Hello, wonderful readers! Sorry for the wait on this part. I actually created this almost two years ago, but I hadn’t published it, yet. I hope to get the next part out faster than this one, but my life has been full of activities. Thank you so much for being patient!
Have you ever found yourself wondering: “Maybe we didn’t cause Global Warming? Maybe it was just nature?”
If so, I don’t blame you. There’s tons of evidence of global climate change in the past, before we humans came on the scene and started using fossil fuels.
For example, there have been changes in global temperature due to volcanic activity and other natural phenomena.
Here is a graph that shows this fact.
Image credit, NASA. (Data from ice-core samples in Antarctica.)
So, what makes scientists think that the present climate crisis is any different?
The difference in this period of climate change isn’t just 1) how abrupt it is, or even 2) the fact that it started at the beginning of the industrial revolution, when people started burning fossil fuels. (Although both these facts are proven, too).
What separates this period of climate change from natural ones in the past can be found in the coldest place on earth..
If you still doubt that humans are causing global warming, go to Antarctica. There, in a remote outpost, you will find scientists working in one of the harshest environments on earth. Why are they there? They are drilling into the ice. And not for oil—no! For… more ice.
You see, when snow falls in places as cold as the Arctic and Antarctic, it doesn’t melt. It just builds up, and gets heavier and heavier, until its own weight weighs it down so much that it compresses into ice. Since snow is made up of 90% air (which is why it’s light and fluffy when it falls), this compression pushes the air out. But some of it stays inside the ice as little air bubbles.
So as you can imagine, if the snow fell, say, two thousand years ago, never melted, and instead compressed into ice, wouldn’t some of the air bubbles trapped inside also be from ten thousand years ago? Yes! And these are little samples of the air from that long-ago time.
The scientists in Antarctica are studying these air bubbles for that reason. They want to study the air from long ago. The air around the world is mostly the same at the same time, so if the air in Antarctica was composed of certain things, probably the air of the whole world at the time was composed of the same things—-giving the scientists the longest and best record they can get of what the climate was like throughout history.
So, scientists can get the ice and study it to find out, for example, how much carbon dioxide was in the atmosphere at a certain time.
Now, here’s another thing I need to tell you: You know plants breathe in carbon dioxide and emit oxygen, right? Well…Plants are picky eaters. Yeah, you heard me right. Plants prefer one isotope*(See definition at bottom) of carbon dioxide over another. There are two main isotopes of CO2, carbon 13 and carbon 12. Carbon 12 is the lighter type, and it’s the type all plants prefer… even the plants, say in the time of the dinosaurs.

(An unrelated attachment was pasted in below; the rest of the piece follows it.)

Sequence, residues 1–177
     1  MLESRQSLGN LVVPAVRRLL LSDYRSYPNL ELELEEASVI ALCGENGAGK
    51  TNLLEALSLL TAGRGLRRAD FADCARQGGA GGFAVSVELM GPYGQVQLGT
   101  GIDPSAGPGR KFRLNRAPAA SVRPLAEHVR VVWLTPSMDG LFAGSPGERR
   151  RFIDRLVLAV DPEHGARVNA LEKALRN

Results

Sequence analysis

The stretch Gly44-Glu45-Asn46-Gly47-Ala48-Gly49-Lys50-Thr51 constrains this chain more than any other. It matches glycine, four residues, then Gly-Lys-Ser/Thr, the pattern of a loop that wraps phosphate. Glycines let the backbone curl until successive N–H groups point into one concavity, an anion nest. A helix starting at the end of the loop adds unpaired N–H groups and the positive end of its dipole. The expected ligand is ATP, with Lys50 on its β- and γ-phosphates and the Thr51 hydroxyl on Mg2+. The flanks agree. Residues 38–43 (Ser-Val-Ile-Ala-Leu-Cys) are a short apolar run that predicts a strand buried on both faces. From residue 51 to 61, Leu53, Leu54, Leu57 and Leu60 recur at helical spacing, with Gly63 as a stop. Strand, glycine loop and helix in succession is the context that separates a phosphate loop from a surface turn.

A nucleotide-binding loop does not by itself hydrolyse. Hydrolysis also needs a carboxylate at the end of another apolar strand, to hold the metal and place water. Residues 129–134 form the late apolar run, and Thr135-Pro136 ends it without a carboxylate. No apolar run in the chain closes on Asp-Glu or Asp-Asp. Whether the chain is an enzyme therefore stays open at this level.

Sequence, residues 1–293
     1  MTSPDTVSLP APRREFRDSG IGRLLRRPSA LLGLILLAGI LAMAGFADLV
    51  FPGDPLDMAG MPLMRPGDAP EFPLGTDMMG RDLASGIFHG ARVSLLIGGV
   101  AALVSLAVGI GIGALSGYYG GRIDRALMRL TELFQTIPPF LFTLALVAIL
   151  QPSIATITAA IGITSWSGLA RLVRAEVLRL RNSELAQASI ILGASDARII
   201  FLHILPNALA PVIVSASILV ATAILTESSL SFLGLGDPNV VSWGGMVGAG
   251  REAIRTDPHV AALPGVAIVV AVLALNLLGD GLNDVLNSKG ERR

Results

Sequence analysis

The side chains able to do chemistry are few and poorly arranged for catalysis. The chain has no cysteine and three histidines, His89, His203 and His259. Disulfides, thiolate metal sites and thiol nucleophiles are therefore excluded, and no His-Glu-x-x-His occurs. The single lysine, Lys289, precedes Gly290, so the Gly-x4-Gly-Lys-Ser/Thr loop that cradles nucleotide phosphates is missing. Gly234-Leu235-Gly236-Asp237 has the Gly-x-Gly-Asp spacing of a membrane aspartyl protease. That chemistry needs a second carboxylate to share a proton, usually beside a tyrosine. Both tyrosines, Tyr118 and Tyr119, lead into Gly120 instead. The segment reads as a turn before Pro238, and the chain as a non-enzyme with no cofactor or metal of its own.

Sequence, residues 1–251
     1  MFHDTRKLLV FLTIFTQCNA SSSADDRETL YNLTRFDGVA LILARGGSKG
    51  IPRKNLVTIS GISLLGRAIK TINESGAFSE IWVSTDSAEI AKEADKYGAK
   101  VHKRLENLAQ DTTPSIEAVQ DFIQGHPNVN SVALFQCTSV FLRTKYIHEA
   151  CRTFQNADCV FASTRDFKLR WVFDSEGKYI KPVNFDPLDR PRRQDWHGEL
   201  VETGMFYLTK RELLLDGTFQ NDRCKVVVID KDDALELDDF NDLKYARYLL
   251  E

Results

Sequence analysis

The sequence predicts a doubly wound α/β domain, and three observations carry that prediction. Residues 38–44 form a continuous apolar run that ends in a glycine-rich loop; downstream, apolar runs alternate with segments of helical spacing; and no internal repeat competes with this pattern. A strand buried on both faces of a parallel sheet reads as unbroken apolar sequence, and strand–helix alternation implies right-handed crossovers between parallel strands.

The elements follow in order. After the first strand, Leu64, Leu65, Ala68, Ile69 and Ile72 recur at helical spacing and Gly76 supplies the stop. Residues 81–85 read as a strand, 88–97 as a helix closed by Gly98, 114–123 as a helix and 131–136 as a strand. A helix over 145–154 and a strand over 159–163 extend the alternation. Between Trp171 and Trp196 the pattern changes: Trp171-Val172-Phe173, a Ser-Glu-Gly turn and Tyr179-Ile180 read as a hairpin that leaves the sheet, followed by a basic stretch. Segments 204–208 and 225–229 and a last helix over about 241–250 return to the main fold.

So, when those prehistoric plants died, they kept the carbon 12 in their remains, and over time those remains became fossils. Now, we’re pumping them back up as fossil fuels. Hence the name, right?
Well, since those plants mostly contained carbon 12, so do the fossil fuels. And when we use fossil fuels and release them into the atmosphere, changes happen: the atmosphere’s level of carbon 12 goes up, and the level of carbon 13 goes down. And that’s measurable.
Image credit: kottke.org
As you can see in this graph, the level of lighter carbon (carbon 12) went up, while the level of carbon 13 (mostly caused by volcanic activity) went down.
This is incredibly substantial evidence that humans, who released the carbon 12, are the culprits of our current climate change.
*Isotopes are like types of atoms. Atoms, which are the building blocks of all things, are made of different compositions (amounts) of their own building blocks––electrons, neutrons, and protons––depending on what they are part of or what they are creating. Carbon 12 contains six neutrons, six protons, and six electrons, giving it an atomic mass (size or weight- amount) of twelve. Carbon 13 contains six protons, six electrons and seven neutrons, giving it an atomic mass of 13.
During the pandemic, it has been frustrating that I haven’t been able to go out to protests. I really want to make a difference, but without being able to go anywhere…it’s been a challenge.
But now it occurs to me that, even while I’ve had to stay home, writing about the climate is one way I’m still making a difference!
A different way to make a difference
Have YOU ever wanted to do what I do: make a difference by writing about climate change?
Well, here are some tips––things I learned in the making of this website––and ideas to do just that!